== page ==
Enterprising alumni: Ellie Karssemaker’s Wanderwatch

Everyone who studies at RSM is of course looking for a sound business education. But many take it a stage further and are inspired to live their entrepreneurial dreams. Here RSM Outlook talks to alumna Ellie Karssemakers who launched Wanderwatch.

Story by Tim Skelton


Every parent knows the problem. You want your kids to get fresh air and exercise, but persuading them to leave their computer screens and get off the sofa isn’t easy. One new start-up, however, thinks it may have found the solution.

Wanderwatch was co-founded by four young people, three of whom met while studying at RSM. Their idea is a gaming device worn on the player’s wrist and designed for use outdoors. The devices interact with one another so children can play in groups. Moreover, they have a built-in GPS that means parents can keep track of their little ones.

Getting kids off the couch

All four founders have families of their own who provided inspiration. ‘When we were young we played outside all the time. Nowadays many kids stay indoors and there’s a tendency towards obesity and inactivity,’ co-founder and RSM alumnus Ellie Karssemakers (OneMBA 2007) explains. Her mission is to get kids off the couch and outdoors again. ‘It’s scientifically proven that it makes kids smarter and helps develop their creativity skills,’ she says.

The problem the team faced was that the available toys, such as bicycles or footballs, had changed little in decades, and didn’t engage today’s switched-on youngsters. ‘When children are indoors, all their toys and gadgets have batteries, and they make sounds and are interactive,’ Ellie says. ‘Kids are attracted by interactivity, so we wanted to make something that could be used outdoors.’

Thinking globally

The seeds of the company were sown in 2015, nine years after the team left RSM. ‘We’d kept in touch after graduating,’ Ellie says. ‘But it was only last year when we were discussing business ideas that the concept came up. We were so excited by it we founded the start-up.’

Wanderwatch was able to get two loans within a few weeks, faster than most start-ups. Ellie puts this down to the way RSM helped them be professionally organised. ‘RSM’s international network also taught us to think globally and learn about other cultures. And we’re already an international business because two of us are in the Netherlands and two live in Chicago,’ she says.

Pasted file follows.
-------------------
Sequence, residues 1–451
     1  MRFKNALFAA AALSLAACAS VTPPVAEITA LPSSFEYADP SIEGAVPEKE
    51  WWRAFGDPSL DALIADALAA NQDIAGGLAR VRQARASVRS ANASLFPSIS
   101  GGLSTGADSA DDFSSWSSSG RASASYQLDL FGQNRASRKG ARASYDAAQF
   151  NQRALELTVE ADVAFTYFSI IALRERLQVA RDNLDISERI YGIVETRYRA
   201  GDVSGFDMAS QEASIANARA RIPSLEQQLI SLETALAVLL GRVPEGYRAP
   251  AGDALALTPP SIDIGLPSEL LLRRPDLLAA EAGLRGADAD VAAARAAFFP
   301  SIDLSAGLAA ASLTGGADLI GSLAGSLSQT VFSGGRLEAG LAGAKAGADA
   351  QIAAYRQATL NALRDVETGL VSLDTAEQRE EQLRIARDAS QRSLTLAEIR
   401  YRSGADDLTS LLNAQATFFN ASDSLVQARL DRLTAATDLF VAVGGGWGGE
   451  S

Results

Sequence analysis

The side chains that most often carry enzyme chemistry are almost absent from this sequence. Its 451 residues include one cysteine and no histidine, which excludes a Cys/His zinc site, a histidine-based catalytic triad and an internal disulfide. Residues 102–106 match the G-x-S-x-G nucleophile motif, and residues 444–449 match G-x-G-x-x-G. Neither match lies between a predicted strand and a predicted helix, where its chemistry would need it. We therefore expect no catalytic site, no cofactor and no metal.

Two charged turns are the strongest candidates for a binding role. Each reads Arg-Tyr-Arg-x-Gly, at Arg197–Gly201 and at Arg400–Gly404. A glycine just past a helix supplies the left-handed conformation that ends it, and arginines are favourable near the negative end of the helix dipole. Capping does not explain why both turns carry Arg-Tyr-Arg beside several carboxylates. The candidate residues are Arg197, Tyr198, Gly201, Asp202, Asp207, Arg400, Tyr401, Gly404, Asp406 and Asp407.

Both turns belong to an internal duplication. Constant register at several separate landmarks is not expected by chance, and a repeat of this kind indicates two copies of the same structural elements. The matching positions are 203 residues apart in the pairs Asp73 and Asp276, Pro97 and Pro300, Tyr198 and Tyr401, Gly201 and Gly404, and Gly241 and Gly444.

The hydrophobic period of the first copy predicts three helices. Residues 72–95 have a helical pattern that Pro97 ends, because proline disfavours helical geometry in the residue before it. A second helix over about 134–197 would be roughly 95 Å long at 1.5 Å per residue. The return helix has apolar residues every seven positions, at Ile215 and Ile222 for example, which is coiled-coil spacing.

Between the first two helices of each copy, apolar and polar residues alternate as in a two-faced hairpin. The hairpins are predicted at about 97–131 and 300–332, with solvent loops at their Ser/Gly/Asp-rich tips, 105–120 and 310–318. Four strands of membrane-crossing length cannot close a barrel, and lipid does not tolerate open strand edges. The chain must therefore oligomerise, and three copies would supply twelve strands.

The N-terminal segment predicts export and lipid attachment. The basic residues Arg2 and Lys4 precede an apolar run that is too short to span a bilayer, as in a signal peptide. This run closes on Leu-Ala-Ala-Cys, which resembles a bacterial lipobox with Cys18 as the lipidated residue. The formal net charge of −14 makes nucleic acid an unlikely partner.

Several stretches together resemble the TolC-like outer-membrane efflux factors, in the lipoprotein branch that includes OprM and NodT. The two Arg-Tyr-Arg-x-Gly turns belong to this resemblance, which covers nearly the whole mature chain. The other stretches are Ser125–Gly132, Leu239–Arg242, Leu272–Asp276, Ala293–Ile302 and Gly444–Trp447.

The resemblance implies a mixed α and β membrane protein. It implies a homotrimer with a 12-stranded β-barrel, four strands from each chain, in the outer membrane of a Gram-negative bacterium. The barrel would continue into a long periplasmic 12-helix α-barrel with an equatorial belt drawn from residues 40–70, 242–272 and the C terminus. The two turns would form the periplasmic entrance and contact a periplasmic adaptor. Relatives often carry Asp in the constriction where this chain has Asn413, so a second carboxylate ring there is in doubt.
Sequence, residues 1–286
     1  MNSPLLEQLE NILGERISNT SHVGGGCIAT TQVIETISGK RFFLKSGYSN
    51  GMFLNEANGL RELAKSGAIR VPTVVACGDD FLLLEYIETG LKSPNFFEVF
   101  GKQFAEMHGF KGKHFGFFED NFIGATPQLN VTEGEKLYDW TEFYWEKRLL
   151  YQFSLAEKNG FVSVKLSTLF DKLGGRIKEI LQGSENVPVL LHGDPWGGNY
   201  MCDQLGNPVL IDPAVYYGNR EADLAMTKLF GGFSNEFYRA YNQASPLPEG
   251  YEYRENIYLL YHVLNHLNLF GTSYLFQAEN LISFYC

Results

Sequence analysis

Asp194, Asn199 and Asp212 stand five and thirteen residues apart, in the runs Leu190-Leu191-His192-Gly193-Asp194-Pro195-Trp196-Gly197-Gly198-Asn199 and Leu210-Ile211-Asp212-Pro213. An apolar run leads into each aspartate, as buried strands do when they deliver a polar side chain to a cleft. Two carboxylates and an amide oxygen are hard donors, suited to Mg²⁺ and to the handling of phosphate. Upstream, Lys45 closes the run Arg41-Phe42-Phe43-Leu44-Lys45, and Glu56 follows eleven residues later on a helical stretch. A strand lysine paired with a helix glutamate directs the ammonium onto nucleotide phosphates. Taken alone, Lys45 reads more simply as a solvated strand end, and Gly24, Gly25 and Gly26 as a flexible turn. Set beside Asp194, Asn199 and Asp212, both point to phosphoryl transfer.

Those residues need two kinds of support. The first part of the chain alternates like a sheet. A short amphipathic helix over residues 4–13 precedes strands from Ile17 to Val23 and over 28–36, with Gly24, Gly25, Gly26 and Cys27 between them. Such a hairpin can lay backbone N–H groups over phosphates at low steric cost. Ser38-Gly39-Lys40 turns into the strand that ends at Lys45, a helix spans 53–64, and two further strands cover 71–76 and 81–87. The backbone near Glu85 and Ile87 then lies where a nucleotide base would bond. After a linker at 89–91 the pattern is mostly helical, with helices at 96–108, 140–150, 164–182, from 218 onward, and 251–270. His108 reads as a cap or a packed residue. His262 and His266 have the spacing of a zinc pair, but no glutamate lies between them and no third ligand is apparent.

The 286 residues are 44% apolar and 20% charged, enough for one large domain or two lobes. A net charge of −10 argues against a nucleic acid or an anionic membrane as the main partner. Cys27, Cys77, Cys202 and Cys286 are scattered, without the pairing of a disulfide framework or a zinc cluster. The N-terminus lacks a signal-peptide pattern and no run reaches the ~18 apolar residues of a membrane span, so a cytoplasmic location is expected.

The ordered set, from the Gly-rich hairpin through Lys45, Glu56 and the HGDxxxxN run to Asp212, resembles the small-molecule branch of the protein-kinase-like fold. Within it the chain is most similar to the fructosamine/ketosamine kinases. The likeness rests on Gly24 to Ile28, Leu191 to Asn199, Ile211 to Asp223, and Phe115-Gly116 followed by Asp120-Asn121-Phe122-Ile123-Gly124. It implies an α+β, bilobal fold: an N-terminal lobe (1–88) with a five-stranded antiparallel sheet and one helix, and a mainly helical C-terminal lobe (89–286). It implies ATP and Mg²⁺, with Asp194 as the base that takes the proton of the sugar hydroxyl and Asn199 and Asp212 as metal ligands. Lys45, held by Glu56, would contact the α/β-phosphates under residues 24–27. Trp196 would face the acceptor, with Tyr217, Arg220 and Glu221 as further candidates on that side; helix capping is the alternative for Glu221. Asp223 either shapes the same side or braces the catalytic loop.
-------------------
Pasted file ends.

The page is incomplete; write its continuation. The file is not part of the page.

Quality assurance

Understanding other cultures is vital for Wanderwatch as the team source their hardware from China. ‘RSM helped us understand that you have to build relationships to do business there. We need to make sure that the right quality assurance is in place and the product is suitable for sale in other countries,’ Ellie says. ‘It was a challenge with many ups and downs, but we managed it,’ she adds proudly. ‘I really enjoyed working with global cultures at RSM. And now it’s something that I apply every day.’

This international perspective was also inspirational to co-founders and fellow alumni Jurriën van den Akker and Anton de Nijs (both EMBA 2006). Both say it was a study trip to Japan that remains their fondest memory of the school.

A bumpy ride

The first test Wanderwatch prototype has now been developed and the team have a patent pending. They are now looking for an ‘angel investor’ to help with next year’s planned launch. ‘That’s also difficult,’ Ellie admits. ‘It takes time to find the right person. But RSM helped us to think big, which is why we’re launching on two continents. And we already have our first retail store interested.’

While the current company focus is on one product, Ellie says she sees other opportunities in future. ‘We’re thinking of something similar for older people,’ she hints. ‘The basic technology is the same, but we’ll need a different approach.’

And Ellie admits that setting up a business has been a bumpy ride. ‘Coming from corporate backgrounds gives us the energy we need. But we have to arrange everything ourselves. We don’t have the luxury of a secretary or back office,’ she says. ‘And we gave up nice salaries, so now we’re reliant on the support and belief of our families.’

Part of the family

Balancing work and family life can be tough, but it helps when you’re developing a product for kids, as Ellie explains. ‘When you’re working from home on a conference call, people don’t find it strange when they hear a child’s voice in the background!’ she says. ‘Even so, you have to take every opportunity you can for Facebook or email. My children talk about Wanderwatch as if it’s part of the family. And it is in a way.’

So what has surprised the team most since they set out along the entrepreneurial road? ‘We were all used to working in big groups,’ Ellie says. ‘What we’ve found amazing is what we’ve been able to achieve in a small team. We’ve had so much help from the networks we built up at RSM and more recently. We have no money to pay them, but what we’ve seen is that your friends are there to help you when you need them.’


This article was first published in RSM Outlook winter 2016 – RSM’s alumni and corporate relations magazine. You can download RSM Outlook here.

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